Masons entering or leaving a lodge salute the Master at the Altar if the lodge is at labor – they salute the Junior Warden if the lodge is at refreshment. This practice assures the Master that the brother knows on what degree the lodge is open. A brother making a wrong sign can be instructed immediately. It informs the Master that the brother is a Mason of the degree on which the lodge is open; if he makes an inferior sign, and cannot, on request, give the right one, the Master can then use other means to ascertain that no Entered Apprentice or Fellowcraft is present in a Master Mason lodge. The salute is a silent assurance to the Master and through him to the brethren: “I remember my obligations.”
Brethren salute on retiring to get permission to leave. No one can enter or leave a lodge room while a lodge is at labor without permission. If the Master does not wish the brother who salutes to retire he tells him so, instead of responding to the salute.
At refreshment the lodge is in charge of the Junior Warden and the same salutes are given him as are usually given the Master, and for the same reasons. In some Grand Jurisdictions, on busy evenings, as during a visitation or other Masonic function, the Master will instruct the Tiler to ask the brethren to salute the West, instead of the East, in order to not have his own labors in the East interrupted.
[One Hundred One Questions About Freemasonry, The Masonic Service Association, 2003]
Howard R. Harris
Worshipful Master & Newsletter Editor
“I Vouch For Him”
To which for a Mason is Masonically to say: (1) that the brother doing the vouching has sat in open Lodge with the brother vouched for, or (2) that the brother vouching has subjected the brother vouched for to a strict trial and due examination, or (3) that the brother vouching has received the avouchment of some brother he knows to be a Master Mason, that the brother now vouched for is known to him as a Master Mason.
The number of men who have never taken the degrees who try to get into Masonic Lodges is very small. Nevertheless, there have been, are, and doubtless will be eavesdroppers.
Far more dangerous than the eavesdropper is the cowan, the man who has been legally raised but who has been dropped N.P.D. or suspended or expelled after trial; or he is an Entered Apprentice or a Fellowcraft whose advancement has been stopped for cause.
Some brethren are so unwise as to keep their good standing cards from year to year as an interesting collection. If such a collection be stolen the collection may be the innocent means of letting loose upon the Fraternity a whole flock of designing cowans, since dates upon such cards are changed with little difficulty. It is an excellent Masonic rule to destroy last year’s card as soon as this year’s card is received. Loss of a current card should be immediately reported to the Grand Secretary, as well as the Master of the Lodge.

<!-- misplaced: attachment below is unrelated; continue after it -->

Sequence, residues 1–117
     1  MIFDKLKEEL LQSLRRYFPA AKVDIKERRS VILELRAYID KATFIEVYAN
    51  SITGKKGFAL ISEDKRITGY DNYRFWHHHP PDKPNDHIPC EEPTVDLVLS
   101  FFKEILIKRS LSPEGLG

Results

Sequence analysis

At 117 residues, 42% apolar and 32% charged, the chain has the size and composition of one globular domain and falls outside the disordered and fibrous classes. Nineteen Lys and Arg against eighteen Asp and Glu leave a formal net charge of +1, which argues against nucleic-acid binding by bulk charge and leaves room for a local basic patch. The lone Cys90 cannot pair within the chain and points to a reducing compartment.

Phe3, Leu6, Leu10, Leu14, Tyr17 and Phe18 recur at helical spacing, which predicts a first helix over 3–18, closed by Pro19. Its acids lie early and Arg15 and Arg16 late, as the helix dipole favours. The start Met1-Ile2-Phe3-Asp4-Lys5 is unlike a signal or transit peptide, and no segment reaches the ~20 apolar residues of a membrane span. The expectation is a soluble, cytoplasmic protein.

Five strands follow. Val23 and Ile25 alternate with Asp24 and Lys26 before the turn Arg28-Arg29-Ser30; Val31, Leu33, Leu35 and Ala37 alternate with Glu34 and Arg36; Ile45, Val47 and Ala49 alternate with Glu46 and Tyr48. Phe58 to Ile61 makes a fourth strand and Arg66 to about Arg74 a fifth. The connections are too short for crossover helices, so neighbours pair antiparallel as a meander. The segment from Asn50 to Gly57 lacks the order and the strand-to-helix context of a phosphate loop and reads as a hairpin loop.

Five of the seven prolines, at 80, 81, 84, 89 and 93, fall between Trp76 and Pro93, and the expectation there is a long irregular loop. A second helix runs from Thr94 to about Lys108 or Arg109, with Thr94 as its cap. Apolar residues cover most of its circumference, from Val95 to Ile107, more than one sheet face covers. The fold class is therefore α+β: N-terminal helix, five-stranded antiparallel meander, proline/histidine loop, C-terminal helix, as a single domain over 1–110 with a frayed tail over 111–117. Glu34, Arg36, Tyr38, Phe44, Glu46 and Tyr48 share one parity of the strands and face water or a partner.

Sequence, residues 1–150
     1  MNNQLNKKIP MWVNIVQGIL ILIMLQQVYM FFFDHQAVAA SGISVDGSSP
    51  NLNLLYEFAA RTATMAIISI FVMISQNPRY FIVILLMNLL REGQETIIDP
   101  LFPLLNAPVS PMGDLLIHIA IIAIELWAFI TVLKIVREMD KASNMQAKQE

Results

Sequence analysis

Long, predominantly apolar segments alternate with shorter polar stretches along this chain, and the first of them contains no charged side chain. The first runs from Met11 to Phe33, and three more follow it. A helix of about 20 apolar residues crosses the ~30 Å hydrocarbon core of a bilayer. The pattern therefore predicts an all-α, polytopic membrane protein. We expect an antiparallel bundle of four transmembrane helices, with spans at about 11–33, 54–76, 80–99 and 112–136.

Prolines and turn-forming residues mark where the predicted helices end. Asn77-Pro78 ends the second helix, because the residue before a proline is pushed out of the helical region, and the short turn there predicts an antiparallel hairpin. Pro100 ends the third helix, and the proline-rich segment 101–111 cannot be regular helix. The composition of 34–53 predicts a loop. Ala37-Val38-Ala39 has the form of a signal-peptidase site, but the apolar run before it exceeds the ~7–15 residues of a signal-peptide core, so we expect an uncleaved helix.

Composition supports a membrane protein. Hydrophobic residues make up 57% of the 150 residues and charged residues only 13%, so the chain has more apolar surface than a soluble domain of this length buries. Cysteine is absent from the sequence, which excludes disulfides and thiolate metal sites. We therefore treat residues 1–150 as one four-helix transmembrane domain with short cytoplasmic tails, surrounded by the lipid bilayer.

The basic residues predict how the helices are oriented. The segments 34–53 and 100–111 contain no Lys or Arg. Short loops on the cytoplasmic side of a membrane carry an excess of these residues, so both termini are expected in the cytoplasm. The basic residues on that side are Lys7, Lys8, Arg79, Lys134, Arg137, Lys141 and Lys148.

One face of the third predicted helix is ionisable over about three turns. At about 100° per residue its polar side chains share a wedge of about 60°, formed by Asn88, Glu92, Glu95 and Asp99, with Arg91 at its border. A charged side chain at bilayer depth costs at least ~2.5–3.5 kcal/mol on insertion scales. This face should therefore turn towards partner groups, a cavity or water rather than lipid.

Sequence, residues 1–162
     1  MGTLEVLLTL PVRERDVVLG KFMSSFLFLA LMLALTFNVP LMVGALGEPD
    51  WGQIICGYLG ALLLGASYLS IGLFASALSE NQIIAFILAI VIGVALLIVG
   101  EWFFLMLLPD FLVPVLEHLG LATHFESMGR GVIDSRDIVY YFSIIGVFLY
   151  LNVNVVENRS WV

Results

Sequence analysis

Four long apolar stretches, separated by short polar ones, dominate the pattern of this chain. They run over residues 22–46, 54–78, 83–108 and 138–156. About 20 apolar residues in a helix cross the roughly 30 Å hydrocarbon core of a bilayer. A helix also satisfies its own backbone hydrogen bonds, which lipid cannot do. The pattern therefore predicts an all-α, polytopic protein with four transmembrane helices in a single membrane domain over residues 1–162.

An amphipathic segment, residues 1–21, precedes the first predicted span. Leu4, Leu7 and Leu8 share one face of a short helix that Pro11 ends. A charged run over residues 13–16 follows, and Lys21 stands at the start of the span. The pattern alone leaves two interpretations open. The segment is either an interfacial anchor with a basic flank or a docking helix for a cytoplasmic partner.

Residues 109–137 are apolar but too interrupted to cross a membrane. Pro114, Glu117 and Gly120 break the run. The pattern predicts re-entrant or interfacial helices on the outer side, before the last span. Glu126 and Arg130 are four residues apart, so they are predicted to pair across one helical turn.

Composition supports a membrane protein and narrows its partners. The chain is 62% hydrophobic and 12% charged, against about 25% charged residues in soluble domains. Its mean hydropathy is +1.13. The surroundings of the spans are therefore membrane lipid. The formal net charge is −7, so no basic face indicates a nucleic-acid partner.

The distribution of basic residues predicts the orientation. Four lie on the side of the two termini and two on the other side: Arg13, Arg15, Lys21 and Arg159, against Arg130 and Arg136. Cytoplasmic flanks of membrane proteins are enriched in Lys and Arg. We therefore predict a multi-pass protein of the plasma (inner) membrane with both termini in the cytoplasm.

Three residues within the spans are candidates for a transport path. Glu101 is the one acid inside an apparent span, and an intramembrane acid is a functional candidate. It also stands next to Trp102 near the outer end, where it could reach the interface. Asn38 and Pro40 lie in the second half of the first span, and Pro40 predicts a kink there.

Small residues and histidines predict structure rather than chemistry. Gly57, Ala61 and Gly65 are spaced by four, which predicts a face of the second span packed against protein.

Masonic avouchment can only be accomplished in the presence of the brother vouched for, the brother vouched to, and the brother vouching. Any other is un-Masonic and should never be tolerated or accepted
B does not receive lawful Masonic information when A says to him: “I have been to the Chapter with C.” It is true that no man may become a Royal Arch Mason unless he is first a Master Mason. A Royal Arch Mason, therefore, must at some time have been a Master Mason. But A cannot know how well the Chapter in question guards its tiled door. For all he knows to the contrary, C held a forged Chapter card, had been expelled from his Blue Lodge and yet managed to get into a Chapter. Doubtful? Probably! But possible nevertheless.
No avouchment may be accepted from an Entered Apprentice or a Fellowcraft. Not being Master Masons, these cannot possess lawful Masonic information about Master Masons. The right to vouch is strictly a Master Mason’s right; no brother of the first or second degree possesses
Vouching for a brother is a solemn undertaking. The voucher puts his Masonic credit against the credibility of the brother he vouches for; no squeamishness of felling should ever interfere. A Master Mason should not vouch for his blood brother unless he has sat in Lodge with him, tested him for himself, or unless his brother has been vouched for to him. He may be morally sure his brother is a Mason; a Lodge does not recognize such surety as lawful Masonic information.
The Lodge is more important than the brother. The sanctity of the tiled door is greater than the feelings of the individual. The Masonic honor of the brother doing the vouching should be of far greater worth to him than any consideration of expediency.
The entire law and the prophets may be covered in one small commandment: “Never vouch unless you have lawful Masonic knowledge.”
“. . . And Give Them Proper Instruction.” The Masonic Service Association, February, 1988
Christian E. Sherbert